“It’s the impulse purchase and the self-purchase that’s going to suffer this holiday,” said Marshal Cohen, chief industry analyst at NPD Group.
And retailers, worried about grabbing the few dollars consumers are willing to part with, will be offering the kind of discounts usually only seen in the days leading up to Christmas. “I think electronics are going to go through an early promotional period,” Mr. Cohen said. “We’ll be lucky to get through October without aggressive promotions.”
Still, for all the gloom, the outlook for electronics is better than for retail sales as a whole, according to analysts.
Jason Oxman, vice president for industry affairs for the Consumer Electronics Association, said the trade group was projecting that sales of televisions and audio equipment would be 4.7 percent higher this holiday than a year ago, while video game hardware sales will be up 3.5 percent.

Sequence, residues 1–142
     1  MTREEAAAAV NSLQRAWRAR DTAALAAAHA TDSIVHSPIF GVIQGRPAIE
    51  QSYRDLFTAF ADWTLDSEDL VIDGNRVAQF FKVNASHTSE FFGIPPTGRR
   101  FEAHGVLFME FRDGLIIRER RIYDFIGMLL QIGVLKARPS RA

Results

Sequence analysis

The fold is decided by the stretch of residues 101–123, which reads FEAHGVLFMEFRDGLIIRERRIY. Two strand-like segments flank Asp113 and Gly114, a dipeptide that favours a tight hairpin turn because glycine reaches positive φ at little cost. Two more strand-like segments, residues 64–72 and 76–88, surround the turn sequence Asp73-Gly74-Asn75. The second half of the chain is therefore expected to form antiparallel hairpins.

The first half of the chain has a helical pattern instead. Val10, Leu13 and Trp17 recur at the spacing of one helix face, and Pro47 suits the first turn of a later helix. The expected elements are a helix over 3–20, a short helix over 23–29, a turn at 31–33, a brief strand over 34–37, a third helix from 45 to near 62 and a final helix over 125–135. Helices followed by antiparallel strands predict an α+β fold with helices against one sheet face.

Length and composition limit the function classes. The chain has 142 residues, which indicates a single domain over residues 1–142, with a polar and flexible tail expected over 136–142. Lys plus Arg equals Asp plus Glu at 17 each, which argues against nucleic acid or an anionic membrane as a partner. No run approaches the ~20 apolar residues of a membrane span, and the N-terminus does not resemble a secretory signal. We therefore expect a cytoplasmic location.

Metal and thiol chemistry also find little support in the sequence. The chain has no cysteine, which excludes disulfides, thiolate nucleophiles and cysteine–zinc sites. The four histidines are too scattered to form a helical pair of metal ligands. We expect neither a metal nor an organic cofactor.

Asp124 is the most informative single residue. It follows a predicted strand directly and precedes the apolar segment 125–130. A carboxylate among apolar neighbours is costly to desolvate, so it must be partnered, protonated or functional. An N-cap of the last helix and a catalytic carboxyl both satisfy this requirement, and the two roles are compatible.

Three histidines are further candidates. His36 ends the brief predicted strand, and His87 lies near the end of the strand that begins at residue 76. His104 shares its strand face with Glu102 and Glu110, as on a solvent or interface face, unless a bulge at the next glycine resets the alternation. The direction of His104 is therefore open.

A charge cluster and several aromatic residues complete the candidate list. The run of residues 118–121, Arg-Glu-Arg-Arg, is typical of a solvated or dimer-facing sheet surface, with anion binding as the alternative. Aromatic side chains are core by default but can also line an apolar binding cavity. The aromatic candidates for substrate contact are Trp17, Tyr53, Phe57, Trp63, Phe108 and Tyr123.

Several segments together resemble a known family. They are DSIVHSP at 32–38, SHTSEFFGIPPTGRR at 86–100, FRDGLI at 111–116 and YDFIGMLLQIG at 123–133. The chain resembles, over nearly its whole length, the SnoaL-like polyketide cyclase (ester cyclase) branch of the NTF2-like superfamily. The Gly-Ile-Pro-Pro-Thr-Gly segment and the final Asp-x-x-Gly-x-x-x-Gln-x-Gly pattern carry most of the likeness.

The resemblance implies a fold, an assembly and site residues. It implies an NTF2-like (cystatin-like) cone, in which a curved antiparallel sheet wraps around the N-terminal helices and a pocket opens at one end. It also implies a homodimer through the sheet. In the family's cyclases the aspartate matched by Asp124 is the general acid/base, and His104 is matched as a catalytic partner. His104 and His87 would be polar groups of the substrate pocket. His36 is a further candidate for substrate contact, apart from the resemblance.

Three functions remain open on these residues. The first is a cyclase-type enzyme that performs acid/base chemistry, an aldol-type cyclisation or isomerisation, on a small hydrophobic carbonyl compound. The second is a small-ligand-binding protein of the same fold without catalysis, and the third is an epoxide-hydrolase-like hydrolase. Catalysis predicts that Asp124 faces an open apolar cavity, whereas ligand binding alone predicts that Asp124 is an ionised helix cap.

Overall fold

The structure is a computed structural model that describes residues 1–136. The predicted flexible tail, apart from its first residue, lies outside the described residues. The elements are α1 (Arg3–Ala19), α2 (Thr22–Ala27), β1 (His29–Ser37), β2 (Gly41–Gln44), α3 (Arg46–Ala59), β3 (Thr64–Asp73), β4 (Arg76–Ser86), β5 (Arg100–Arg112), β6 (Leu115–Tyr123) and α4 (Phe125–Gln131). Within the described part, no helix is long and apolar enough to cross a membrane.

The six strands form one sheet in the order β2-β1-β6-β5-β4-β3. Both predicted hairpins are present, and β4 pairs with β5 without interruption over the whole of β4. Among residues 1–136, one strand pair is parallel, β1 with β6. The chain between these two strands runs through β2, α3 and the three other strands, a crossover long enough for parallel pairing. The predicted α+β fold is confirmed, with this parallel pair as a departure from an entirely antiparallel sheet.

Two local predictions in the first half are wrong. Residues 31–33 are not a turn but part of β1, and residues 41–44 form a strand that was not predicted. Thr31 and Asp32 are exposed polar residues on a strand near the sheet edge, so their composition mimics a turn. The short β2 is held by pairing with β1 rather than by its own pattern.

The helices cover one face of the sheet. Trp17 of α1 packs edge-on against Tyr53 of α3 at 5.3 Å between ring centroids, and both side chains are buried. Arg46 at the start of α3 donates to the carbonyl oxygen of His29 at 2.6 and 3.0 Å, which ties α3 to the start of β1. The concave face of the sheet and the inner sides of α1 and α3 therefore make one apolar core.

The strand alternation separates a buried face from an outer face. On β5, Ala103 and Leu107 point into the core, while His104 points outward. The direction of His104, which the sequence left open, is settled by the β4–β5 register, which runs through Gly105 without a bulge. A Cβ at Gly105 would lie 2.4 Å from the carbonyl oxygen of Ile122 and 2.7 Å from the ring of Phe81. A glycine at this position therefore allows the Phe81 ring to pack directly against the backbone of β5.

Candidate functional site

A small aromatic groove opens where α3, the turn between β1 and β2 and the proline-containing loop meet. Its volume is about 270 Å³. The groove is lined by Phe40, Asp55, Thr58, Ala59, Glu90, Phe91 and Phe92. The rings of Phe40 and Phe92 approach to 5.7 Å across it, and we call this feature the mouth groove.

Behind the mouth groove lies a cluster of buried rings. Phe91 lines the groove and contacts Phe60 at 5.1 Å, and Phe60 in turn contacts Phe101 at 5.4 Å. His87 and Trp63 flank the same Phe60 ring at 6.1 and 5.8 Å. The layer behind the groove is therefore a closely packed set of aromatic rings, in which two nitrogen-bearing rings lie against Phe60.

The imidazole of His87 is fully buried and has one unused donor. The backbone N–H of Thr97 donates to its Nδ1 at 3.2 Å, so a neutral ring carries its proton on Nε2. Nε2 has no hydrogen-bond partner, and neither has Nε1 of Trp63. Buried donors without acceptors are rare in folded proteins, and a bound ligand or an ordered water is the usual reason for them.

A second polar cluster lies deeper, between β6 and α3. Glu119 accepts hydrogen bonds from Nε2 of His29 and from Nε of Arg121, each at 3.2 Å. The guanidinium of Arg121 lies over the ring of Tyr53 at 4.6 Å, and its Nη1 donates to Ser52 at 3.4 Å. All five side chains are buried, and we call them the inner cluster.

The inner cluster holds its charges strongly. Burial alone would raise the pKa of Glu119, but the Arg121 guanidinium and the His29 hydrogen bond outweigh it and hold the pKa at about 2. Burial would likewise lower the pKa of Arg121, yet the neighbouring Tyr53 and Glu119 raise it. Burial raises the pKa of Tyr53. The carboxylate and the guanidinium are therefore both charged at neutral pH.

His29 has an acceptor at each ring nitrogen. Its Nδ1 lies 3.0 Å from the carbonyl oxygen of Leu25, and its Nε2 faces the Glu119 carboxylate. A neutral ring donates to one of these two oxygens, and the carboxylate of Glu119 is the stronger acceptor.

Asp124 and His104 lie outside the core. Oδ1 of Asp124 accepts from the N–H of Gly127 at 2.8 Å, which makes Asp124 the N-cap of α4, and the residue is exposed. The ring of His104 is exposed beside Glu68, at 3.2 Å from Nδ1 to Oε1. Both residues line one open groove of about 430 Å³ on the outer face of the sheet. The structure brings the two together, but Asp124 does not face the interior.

Meanwhile, many analysts are predicting that overall retail sales will be flat or decline over the holidays, dragged down by categories like apparel and luxury goods. “With consumers already saying they plan to spend less, stores with lean inventories, those inventories on sale as soon as they hit the floor, and tightening credit both for businesses and consumers, where can growth come from?” Mr. Cohen wrote in a report on Tuesday.
Mr. Chukumba said some consumers would respond to the economic downturn by buying electronics instead of going out to dinner or a sporting event. “There’s a nesting phenomenon going on,” he said. But the concern for retailers is that customers will nest with the products they already have.
Damion Isaac, 31, a warehouse manager from South Euclid, Ohio, near Cleveland, said he has a six-year-old 31-inch TV that he is itching to replace. But he cannot afford to buy a new one, so he will not even go window-shopping at Best Buy. “I don’t even torture myself like that,” he said.
Laura M. Holson, Chris Maag and Karen Ann Cullotta contributed reporting.